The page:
In the corporate world, this unfolding drama could take years and cost tens of millions of dollars for a single solution. Customers construct the RFP, vet the vendors, negotiate the contract, implement the solution, train the staff, fix the problems, and guess what? Sometimes they succeed and sometimes they don’t. Sometimes they get all the value, sometimes they just get a taste of it. But in any case, it’s theirs. They own it.
Sometimes you get all of the value, sometimes you just get a taste of it. But in any case, it’s yours. You own it. And, you own the primary responsibility for translating your new asset into something that brings real value to your life or your business.
Subscriptions offer an alternative, and a stunningly simple one that centers on the following value propositions:
For most business line executives (as opposed to the IT execs) the allure of a technology is the business outcome it can produce, not the headaches and complexity that come along with that journey. I would submit that they have two fundamental wishes:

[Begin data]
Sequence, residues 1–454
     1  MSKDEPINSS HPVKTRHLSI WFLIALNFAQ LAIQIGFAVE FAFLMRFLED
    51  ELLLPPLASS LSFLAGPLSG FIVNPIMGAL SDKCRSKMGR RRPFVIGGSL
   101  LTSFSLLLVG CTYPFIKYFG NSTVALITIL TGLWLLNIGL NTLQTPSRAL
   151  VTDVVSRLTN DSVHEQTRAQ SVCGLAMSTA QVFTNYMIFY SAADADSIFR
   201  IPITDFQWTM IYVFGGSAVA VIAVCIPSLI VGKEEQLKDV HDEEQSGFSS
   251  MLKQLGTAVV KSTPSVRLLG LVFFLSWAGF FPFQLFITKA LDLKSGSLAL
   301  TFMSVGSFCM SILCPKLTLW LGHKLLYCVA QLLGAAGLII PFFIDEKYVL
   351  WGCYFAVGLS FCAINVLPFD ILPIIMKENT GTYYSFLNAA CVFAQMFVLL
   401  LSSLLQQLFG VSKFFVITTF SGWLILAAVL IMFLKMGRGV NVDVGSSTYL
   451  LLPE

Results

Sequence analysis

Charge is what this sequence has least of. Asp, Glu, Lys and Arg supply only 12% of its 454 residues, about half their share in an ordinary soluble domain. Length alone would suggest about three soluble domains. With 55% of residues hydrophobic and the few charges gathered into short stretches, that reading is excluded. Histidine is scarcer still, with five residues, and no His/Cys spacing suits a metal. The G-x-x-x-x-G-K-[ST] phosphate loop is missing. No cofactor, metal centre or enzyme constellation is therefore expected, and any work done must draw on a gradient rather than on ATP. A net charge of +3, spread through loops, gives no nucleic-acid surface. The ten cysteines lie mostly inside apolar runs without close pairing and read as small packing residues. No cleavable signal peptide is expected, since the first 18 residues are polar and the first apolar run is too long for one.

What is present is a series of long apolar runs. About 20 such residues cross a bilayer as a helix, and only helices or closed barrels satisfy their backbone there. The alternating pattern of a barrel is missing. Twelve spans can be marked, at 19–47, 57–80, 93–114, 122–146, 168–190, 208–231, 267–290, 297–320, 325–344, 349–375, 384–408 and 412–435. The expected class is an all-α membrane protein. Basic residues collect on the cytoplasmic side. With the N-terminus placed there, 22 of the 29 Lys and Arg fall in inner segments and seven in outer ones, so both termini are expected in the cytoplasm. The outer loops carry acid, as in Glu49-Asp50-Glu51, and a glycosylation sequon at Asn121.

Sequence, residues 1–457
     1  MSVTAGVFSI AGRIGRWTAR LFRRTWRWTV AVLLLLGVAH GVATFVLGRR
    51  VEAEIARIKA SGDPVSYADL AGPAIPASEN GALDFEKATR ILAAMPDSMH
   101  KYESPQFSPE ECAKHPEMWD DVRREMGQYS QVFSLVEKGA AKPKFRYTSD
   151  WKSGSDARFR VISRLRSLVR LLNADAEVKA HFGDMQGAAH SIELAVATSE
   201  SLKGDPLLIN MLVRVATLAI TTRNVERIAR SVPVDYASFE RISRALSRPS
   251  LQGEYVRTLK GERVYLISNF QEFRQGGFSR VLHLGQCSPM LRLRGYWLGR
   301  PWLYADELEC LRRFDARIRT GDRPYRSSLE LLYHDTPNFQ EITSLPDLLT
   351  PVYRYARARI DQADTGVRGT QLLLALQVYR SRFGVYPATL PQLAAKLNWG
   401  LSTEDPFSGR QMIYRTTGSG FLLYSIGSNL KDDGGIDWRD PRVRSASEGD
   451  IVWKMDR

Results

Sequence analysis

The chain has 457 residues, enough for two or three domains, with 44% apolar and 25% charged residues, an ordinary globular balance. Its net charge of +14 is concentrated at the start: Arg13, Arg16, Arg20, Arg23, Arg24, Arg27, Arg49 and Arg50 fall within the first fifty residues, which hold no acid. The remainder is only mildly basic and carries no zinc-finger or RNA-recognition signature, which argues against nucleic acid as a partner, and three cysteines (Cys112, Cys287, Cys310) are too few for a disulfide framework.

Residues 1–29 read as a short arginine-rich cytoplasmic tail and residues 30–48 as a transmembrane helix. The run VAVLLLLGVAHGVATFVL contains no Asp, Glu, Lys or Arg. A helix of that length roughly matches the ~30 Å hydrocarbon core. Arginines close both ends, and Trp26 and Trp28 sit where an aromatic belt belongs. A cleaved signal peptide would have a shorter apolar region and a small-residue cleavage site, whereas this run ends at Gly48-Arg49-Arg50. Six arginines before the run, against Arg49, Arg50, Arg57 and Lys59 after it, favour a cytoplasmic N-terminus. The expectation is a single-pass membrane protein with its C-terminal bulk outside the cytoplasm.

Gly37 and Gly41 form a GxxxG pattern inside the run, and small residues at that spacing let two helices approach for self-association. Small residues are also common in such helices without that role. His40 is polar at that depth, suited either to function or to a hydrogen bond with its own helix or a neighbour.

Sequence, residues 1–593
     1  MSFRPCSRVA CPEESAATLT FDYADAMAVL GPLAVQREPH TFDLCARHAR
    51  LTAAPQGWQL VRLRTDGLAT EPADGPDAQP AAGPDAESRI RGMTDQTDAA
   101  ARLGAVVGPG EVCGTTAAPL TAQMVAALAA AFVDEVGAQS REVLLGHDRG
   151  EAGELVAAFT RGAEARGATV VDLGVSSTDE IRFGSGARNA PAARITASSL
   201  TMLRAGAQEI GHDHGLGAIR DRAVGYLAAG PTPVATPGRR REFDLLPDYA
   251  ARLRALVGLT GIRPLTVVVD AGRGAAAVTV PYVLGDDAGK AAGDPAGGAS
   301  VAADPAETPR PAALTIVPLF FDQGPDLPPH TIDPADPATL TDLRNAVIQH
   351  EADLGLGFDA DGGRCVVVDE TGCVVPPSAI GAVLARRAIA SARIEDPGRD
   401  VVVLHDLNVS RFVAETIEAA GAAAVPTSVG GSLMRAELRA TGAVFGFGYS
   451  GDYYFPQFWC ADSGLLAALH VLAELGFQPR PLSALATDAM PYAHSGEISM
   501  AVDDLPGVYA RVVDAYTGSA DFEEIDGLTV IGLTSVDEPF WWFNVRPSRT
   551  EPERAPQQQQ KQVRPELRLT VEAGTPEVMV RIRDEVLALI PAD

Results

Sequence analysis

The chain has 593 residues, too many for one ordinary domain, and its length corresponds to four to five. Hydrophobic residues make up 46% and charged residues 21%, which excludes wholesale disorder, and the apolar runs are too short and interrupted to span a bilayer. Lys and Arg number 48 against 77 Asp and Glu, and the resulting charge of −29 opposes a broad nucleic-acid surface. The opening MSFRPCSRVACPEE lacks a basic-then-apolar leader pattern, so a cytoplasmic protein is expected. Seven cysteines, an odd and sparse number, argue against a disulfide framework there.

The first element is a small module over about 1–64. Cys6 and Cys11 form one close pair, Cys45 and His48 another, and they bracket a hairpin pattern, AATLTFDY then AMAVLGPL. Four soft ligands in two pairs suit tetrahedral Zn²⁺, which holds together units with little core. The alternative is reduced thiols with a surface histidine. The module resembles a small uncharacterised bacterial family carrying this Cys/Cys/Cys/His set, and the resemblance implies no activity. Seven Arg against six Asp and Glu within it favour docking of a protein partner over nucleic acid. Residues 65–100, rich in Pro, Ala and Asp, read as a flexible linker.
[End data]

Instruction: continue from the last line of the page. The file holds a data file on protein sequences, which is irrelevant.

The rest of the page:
Often, traditional purchasing models forced them to encounter the time, cost, and frustration of dealing with the complexity of implementation and management of the technology. Technology-as-a-service (Xaas) offers represent the opportunity to side-step some or all of that complexity. Some XaaS offers allow business buyers to avoid involving the IT department altogether. While this might not make the IT department happy, it does expand the corporate technology landscape in amazing ways by allowing any executive with an operating budget to become a technology decision maker. That’s why we see tech budgets rapidly de-centralizing away from the IT department and into LOB budgets.
Technology-as-a-service offers help executives get far closer to their two fundamental wishes than anything that came before them. While only the simplest of these offers are truly “turn on and turn off” offers that require little or no implementation time, nearly all of them share elements of faster time-to-value in their long list of benefit statements. What’s more, the promise of value by as-a-service vendors includes a commitment to helping customers systematically improve and broaden the business outcomes they get by adopting the technology.
Technology-as-a-service offers help executives get far closer to their two fundamental wishes than anything that came before them.